Wednesday, January 15, 2003

Wallenberg is Here! -- A True Holocaust Story

Carl Steinhouse’s new book, Wallenberg is Here!, tells a fascinating, true story about a "lost hero." Raoul Wallenberg, a Swedish diplomat of the famed Wallenberg family, used his wits and resources to take on the Nazis in Budapest, Hungary. His efforts saved tens of thousands of Jews from certain death.

Wallenberg is Here! brings a historical story as historical fiction, a novel with dialog, conflict, and suspense. Character contrast is shown between the selfless Wallenberg and his greatest foe, Adolph Eichmann—"the bloodhound" of the Jews. The story gives a detailed chronology; each scene begins with a heading of the date and exact place, even to precise streets or buildings in Buda or Pest, the two parts of Budapest. For further variation, Wallenberg is Here! alternates between short narrative prose describing overall events, scenes involving Wallenberg and his associates, and anecdotal scenes with various individual Jews – some of whom soon perish, others who escape impending destruction, and others who are rescued by Wallenberg.

The horrific story is (of course) similar to others from the Holocaust, with events that call to mind, for example, scenes from the movie "Schindler’s List." In tribute to that now well-known event, the author includes brief dialog referring to Schindler. Though Wallenberg’s story takes place outside the concentration camps, it includes all the other horrors: innocent people shot at random in the streets; Jews herded onto cattle cars; others shot and thrown into the Danube River; and still more marched for miles to the nearest train loading points. As with any book dealing with this subject, Wallenberg is Here! does not make for easy, fun or light reading. But the real world often contains such unpleasant and depressing events, and Wallenberg offers hope in the midst of a terrible situation. Though Wallenberg and his associates are hopelessly outnumbered, they do what they can, giving protective custody with Swedish Schutzpasses to thousands. As the persecution intensifies, and anarchy reigns in the new Hungarian "Arrow Cross" government, all Wallenberg can do is put out small fires in a blazing forest – jumping from one emergency to another, and the reader feels the hopelessness of the situation. Yet from the many Jews saved from each crisis, spreads the whisper "Wallenberg is here."

Steinhouse concludes the intriguing "hero" story with its tragic aftermath, in which Wallenberg quickly disappeared behind the Iron Curtain. Unbeknownst even to Wallenberg, a new Cold War had begun even before the "hot war" had ended, by January 1945. Having told a great, true story from history, the author adds a call for action – for the U.S. government and the world to learn the rest of the story from the former Soviet Union.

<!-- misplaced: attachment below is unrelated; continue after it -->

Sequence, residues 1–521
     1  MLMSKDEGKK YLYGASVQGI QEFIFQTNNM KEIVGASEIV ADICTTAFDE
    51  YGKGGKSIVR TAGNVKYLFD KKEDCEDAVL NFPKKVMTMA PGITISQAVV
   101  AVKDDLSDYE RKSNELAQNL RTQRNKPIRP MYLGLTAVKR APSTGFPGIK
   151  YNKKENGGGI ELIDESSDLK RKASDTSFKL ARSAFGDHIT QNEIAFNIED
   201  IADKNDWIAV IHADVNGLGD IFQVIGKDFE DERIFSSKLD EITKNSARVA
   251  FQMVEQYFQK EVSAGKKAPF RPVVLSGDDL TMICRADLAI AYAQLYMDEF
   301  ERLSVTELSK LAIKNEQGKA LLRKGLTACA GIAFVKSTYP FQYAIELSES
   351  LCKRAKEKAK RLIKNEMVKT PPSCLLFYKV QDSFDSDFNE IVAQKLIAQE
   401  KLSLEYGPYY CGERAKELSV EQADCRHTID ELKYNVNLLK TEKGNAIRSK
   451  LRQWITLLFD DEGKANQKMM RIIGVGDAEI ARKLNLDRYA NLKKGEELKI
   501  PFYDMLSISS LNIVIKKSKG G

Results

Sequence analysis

Wednesday, January 1, 2003

Somewhere A Song: Follow-Up to Pella's "Written on the Wind"

Somewhere A Song, the sequel to Judith Pella's Written on the Wind, begins immediately where the last book ended. Soon all three Hayes daughters--Cameron, Blair, and Jackie--hear the news of the attack on Pearl Harbor -- December 7, 1941. Cameron has just returned to the Soviet Union; Blair has been living in the Philippines for a few weeks; and Jackie continues her life in Los Angeles. The story covers events of the next six months, until June 1942.

Though the book opens and closes on Cameron's life, Blair's story is the most exciting and developed one. After all, as Cameron knows too, the action is now in the Pacific. Blair matures through her hardships, as she faces evacuation from Manila, separation from Gary due to the war, and then a rough lifestyle in the wilderness of the Philippines. Later she and some friends live for a while with Christian missionaries in a remote area. The once-spoiled "glamour girl" learns to survive by depending on God, noting that He always provides others to help her along.

Cameron, meanwhile, has changed her attitude from religious indifference to outright hostility. Her harsh attitude poses irreconcilable differences with Alex--her recent romantic interest--and his new-found Christian faith. The story of Cameron's Russian half-brother is developed more, with a few tantalizing clues for Cameron as well as the reader -- again to await further development in the next book. As in the first book, Cameron's American journalist and Russian friends are back in their minor roles, including the Fedorcenko family. Fans of Pella's "The Russians" series can appreciate these minor characters in this new "Daughters of Fortune" series, with a glimpse at the later years of Anna Yevnovna, her son and grandchildren.

Jackie's story is again too brief (another excellent storyline), but includes more of her relationship with a Japanese-American man, Sam, and a surprising outcome. As hostilities increase in California, towards Japanese after Pearl Harbor, Jackie and Sam must decide what's most important in their lives. This part of Somewhere A Song also discusses the internment camps for Japanese-Americans, a subject also dealt with in another recent Bethany House historical novel (All the Way Home, by Ann Tatlock).

Somewhere A Song is another excellent addition to Judith Pella's "Daughters of Fortune" series. Building on the events from the first novel, it continues several interesting plot developments. Again, several story elements are left hanging, for the reader to eagerly await the next book.